Snorkelling lessons.

I’ve been a little scarce of late. This is because I am in the process of trying to become gainfully employed. This is not a process that I find particularly settling, so if anyone has been thinking of sending me a small fortune (or a large one; beggars can’t be choosers and all that), now would be the time.

This has not meant that my mind has been quiet; just the part that allows me to hurl its contents down onto a keyboard. Something has been bothering me a little lately, and today, it was thrust to the fore. By Vanessa Mae.

Remember her platinum undies?

And her platinum undies.

Remember her? She was the girl who inspired an interest in classical music in an entire generation of young men by virtue of the skill and passion with which she played the violin.

There are, no doubt, some uncharitable people out there who might say she inspired an interest in classical music in an entire generation of young men by virtue of the skill and passion with which she played the violin without too many clothes on. They might just be onto something. She was rather startlingly attractive. But the truth is that she would never have become famous if she hadn’t been quite good at playing the violin.

Nothing could distract her, not even a raging sea and the loss of her pants.

Nothing could distract her, not even a raging sea and the loss of her pants.

That skill was not an easy thing to come by. She started playing the piano at the age of three. At the age of three, my children were still trying to master the complex set of challenges involved in eating with a spoon. She started the violin at five. That’s when I’m planning on introducing my daughter to knives and forks (she should have started earlier, I know, but we have been delaying for as long as possible since the world is going to be a frightening place once she is fully armed).

Ms Mae’s fame was at its zenith in the 90’s. The world moved on, as it does. And so, it would seem, did Ms Mae. They were talking about her on the radio this morning. No, she has not released a new album called “The Bikini Fiddler; Vamping to the Classics”. She has, instead, just taken part in the Winter Olympics. And not as a performer in the opening ceremony.

Yup. Not content with being a former child prodigy, the good Ms Mae decided to go off and become an Olympic athlete. It’s all a bit much, really. My greatest achievement so far is managing to balance three golf balls on top of each other. The magnitude of her achievement was only slightly diminished by the news that she was representing Thailand at skiing, which is kind of like representing Greenland at beach volleyball.

What they lack in skill, they make up for in dedication.

They might not be very talented, but damn, they look good.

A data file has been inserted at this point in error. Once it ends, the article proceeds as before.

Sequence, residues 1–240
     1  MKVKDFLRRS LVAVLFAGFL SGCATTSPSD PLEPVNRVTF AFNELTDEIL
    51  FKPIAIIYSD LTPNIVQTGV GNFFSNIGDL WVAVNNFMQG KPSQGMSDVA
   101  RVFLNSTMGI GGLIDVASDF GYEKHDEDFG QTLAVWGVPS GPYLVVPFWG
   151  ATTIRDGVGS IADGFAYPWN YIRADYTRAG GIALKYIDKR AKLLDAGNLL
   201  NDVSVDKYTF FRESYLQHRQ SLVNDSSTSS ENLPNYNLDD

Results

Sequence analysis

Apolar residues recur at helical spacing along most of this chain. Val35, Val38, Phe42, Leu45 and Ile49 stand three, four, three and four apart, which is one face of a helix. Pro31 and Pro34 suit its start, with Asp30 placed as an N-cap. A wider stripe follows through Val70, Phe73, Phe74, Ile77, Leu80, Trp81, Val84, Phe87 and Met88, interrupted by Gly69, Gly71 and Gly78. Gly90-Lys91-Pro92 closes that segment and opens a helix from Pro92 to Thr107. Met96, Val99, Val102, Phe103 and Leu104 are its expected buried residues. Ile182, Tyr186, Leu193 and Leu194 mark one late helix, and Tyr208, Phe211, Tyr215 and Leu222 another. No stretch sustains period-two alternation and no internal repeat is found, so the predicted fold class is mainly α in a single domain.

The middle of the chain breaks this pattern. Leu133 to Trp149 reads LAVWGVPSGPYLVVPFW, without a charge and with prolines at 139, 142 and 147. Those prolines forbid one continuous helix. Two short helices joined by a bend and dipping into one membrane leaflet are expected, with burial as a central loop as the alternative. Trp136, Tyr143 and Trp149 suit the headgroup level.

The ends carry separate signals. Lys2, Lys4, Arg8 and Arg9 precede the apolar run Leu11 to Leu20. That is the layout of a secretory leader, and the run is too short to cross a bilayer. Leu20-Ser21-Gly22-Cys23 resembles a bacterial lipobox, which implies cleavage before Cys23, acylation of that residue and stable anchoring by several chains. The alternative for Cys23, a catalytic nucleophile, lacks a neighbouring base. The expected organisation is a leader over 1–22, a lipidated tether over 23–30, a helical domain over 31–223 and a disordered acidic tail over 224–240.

But I only learned that later. When I heard that she was an Olympian, she coalesced a couple of ideas in my mind. Something, as I said, has been bothering me. Something to do with sporting superstars, children, and the sort of parents who would make a three-year old learn the piano.

I’ve been thinking about these things for a reason. I am, you see, teaching my son and heir to snorkel. This involves hauling him off to the local gym a couple of times a week, strapping various pieces of rubber and glass onto him, and watching him bob around cheerfully while trying to stop him from vocalising the sound effects that accompany whatever snorkelling-based fantasy is playing out in his head (it appears to involve lasers and robot sharks).

There are not any things cooler than robot sharks.

There are not any things cooler than robot sharks.

It’s all quite fun. For us. We have lasers and robot sharks. What set me off the other day was the boy next to us. He wasn’t having much fun. He was young, not much older than my own nine-year-old. But he was not there to bob around making “peeeooo peeeooo peeeooo” noises through a bent plastic tube. He was there to work.

I noticed him as we arrived, slicing through the water like a fish, and remember thinking that he was a remarkable swimmer for a boy so young. We soon realised why. Shortly after we got into the water, he grabbed hold of the side of the pool and looked plaintively over at a grim-looking woman sitting on a bench nearby. “Can I stop now, mom? I feel like I’m going to throw up.”

“No,” was the rather curt reply. “You’re doing a hundred lengths. 16 more to go.”

Keep it up, little man! Love ya!

Keep it up, little man! Love ya!

And that was that. He turned and ploughed his way back down the Olympic sized pool. But he suddenly looked more like a robot than a fish. Fish are free.